Sony has announced a blu-ray compilation of the first two God of War games for the PS3 to promote the upcoming God of War 3 release. What was interesting about this was the final note where they compared this to the way classic films are sometimes re-released with new video transfers and numerous commentaries (a la the Criterion Collection.)
This made me wonder why classic games don't receive this treatment more often than films. These are the reasons I came up for this difference:
1. Technical issues - Film (analog) has ran at 24 frames per second since the late 1920s. This means that a new film transfer of an older film will still run on a film projector today. While there have been numerous technical improvements (stereo sound, color film, 3D, etc.) the pace has been much less rapid compared with video games. Furthermore, movie theaters are not engaged in a 'technological' arms race the way game consoles and pc manufacturers are. In a nutshell, old movies can still play in today's theaters where games from 2001 may no longer be playable on any existing consoles or pcs.
2. Media experience - The experience of watching films and playing games is inherently different, defined by interactivity. When we watch a commercial film the experience is roughly the same regardless of era, visual effects, etc. We are passively watching the narrative unfold. With games, we are interacting with the media and our experience can vary widely depending on the game and our familiarity with its gameplay. This also makes it difficult to experience games from different eras either due to gameplay that is not available (arcade machines with specific controllers, games that are dependent on underlying technology that no longer exists or is avalable) or conventions that are no longer understood. The technology dependency of games is completely tied to their interactivity and since that is the key difference between the two media it is one of the key reasons we don't always have a 'Criterion Collection' edition of classic games. There is also the question of multiple viewings of a film vs. multiple playthroughs of a game. The narrative nature of film can reward multiple viewings with character insights, etc. Can these same style of insights be gained from multiple playthroughs of a game?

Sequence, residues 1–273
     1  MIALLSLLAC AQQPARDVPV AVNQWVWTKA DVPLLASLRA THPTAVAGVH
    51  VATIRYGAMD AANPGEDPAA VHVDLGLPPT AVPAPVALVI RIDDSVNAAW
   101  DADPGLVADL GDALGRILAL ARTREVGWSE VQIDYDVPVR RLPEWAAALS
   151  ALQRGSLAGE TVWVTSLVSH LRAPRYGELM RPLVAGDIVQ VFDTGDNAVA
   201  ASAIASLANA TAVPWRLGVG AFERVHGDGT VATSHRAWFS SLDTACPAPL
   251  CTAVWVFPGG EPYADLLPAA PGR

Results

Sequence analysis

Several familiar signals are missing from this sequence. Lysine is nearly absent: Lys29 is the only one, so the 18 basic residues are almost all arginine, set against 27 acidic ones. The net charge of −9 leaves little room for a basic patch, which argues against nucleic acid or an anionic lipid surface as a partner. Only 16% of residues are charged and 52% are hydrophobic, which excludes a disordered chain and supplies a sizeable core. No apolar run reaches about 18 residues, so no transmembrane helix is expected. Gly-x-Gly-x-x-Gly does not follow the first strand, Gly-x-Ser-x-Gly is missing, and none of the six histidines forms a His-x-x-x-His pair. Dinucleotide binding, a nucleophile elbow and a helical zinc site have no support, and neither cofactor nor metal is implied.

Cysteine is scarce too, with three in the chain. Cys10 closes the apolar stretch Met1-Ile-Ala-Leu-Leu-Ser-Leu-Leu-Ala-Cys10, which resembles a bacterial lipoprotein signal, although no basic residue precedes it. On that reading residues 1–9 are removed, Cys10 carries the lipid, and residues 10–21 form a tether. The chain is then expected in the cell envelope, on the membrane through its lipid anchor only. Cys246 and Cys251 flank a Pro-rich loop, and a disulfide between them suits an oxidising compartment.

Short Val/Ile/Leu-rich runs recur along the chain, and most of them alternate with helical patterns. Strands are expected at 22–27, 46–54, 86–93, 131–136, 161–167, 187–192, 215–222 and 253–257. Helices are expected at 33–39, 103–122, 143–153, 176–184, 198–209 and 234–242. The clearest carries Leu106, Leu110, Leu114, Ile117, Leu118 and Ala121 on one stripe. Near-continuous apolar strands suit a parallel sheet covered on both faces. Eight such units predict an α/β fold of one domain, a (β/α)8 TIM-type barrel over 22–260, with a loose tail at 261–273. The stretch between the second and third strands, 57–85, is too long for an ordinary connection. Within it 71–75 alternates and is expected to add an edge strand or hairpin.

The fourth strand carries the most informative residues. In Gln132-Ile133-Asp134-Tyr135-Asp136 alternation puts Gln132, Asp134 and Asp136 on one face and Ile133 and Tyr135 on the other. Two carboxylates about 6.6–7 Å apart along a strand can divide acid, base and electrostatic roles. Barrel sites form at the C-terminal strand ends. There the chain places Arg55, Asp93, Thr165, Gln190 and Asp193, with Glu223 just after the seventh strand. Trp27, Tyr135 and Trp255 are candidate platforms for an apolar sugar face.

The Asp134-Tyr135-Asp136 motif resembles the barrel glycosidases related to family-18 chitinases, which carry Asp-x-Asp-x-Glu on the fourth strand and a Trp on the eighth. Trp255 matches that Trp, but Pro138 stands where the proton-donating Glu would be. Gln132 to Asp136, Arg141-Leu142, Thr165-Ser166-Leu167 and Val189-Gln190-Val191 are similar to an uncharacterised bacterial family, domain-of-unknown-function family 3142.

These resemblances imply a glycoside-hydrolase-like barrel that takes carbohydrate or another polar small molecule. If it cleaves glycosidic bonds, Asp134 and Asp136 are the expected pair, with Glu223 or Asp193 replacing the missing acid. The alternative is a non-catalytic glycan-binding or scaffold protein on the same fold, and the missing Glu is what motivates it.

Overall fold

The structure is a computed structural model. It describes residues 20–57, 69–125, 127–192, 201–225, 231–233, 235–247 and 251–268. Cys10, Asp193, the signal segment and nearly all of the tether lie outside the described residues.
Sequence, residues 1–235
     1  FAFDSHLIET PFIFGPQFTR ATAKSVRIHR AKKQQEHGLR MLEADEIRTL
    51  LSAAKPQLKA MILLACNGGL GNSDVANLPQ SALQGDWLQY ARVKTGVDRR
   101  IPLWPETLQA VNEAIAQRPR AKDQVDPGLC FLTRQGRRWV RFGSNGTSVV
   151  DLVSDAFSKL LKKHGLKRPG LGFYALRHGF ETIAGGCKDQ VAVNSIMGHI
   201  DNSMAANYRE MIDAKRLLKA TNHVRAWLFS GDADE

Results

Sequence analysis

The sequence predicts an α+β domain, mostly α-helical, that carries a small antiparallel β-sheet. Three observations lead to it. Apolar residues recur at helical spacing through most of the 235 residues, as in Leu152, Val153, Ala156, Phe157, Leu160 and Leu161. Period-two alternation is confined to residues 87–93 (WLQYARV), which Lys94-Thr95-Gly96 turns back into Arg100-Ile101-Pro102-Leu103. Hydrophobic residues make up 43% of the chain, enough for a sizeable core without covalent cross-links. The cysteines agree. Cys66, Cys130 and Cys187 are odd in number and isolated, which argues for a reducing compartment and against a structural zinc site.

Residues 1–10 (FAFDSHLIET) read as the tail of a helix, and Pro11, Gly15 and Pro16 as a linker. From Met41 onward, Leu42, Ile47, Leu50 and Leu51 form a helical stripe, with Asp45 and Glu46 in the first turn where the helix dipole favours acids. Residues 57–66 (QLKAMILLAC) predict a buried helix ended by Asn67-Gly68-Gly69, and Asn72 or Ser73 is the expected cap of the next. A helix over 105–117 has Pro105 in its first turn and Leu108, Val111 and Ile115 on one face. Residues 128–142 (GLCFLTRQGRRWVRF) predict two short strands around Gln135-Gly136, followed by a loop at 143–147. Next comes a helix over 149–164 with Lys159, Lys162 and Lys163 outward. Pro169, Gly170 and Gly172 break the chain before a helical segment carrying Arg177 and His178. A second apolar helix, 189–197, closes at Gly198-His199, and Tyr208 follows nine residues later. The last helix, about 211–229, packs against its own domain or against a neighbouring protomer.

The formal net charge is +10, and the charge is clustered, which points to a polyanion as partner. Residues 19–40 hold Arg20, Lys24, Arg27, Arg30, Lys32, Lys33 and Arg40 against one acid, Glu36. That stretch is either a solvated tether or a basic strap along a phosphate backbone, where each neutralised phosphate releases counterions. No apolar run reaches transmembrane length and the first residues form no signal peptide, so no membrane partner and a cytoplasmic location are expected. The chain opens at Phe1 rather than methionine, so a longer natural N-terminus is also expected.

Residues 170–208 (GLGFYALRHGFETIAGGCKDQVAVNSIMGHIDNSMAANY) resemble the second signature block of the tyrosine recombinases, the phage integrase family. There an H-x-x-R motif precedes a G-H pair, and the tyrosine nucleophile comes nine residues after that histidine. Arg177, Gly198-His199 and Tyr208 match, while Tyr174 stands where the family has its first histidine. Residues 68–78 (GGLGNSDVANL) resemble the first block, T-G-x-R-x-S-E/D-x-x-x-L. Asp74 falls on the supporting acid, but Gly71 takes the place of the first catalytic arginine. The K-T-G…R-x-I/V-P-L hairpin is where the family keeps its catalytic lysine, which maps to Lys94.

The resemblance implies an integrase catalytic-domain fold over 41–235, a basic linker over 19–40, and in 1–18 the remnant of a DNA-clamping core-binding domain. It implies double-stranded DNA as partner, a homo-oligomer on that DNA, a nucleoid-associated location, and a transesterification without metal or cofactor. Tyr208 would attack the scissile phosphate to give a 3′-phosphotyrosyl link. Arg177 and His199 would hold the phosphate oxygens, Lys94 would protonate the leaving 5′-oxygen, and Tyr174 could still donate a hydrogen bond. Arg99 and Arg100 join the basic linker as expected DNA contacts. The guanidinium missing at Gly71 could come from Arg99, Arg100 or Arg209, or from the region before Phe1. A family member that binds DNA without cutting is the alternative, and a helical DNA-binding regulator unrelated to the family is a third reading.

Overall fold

3. Industry structure - movie studios produce films with the expectation that they will make money off of a film for years. The theatrical release, home video release, digital distrubtion, streaming video rights, etc. all combine to give a movie numerous revenue streams. (This point is also tied to technology/interactivity but it should be noted movie studios EXPECT to make money from re-releases of the film.) In contrast, game publishers primarily make their money on the initial release of the game. They do not have the multiple revenue streams available to them. Very few game publishers anticipate releasing a 'Criterion' version of their old or classic games.
It should be noted that some games do get re-released on a fairly regular basis. However, there still has been no 'Criterion' collection of games.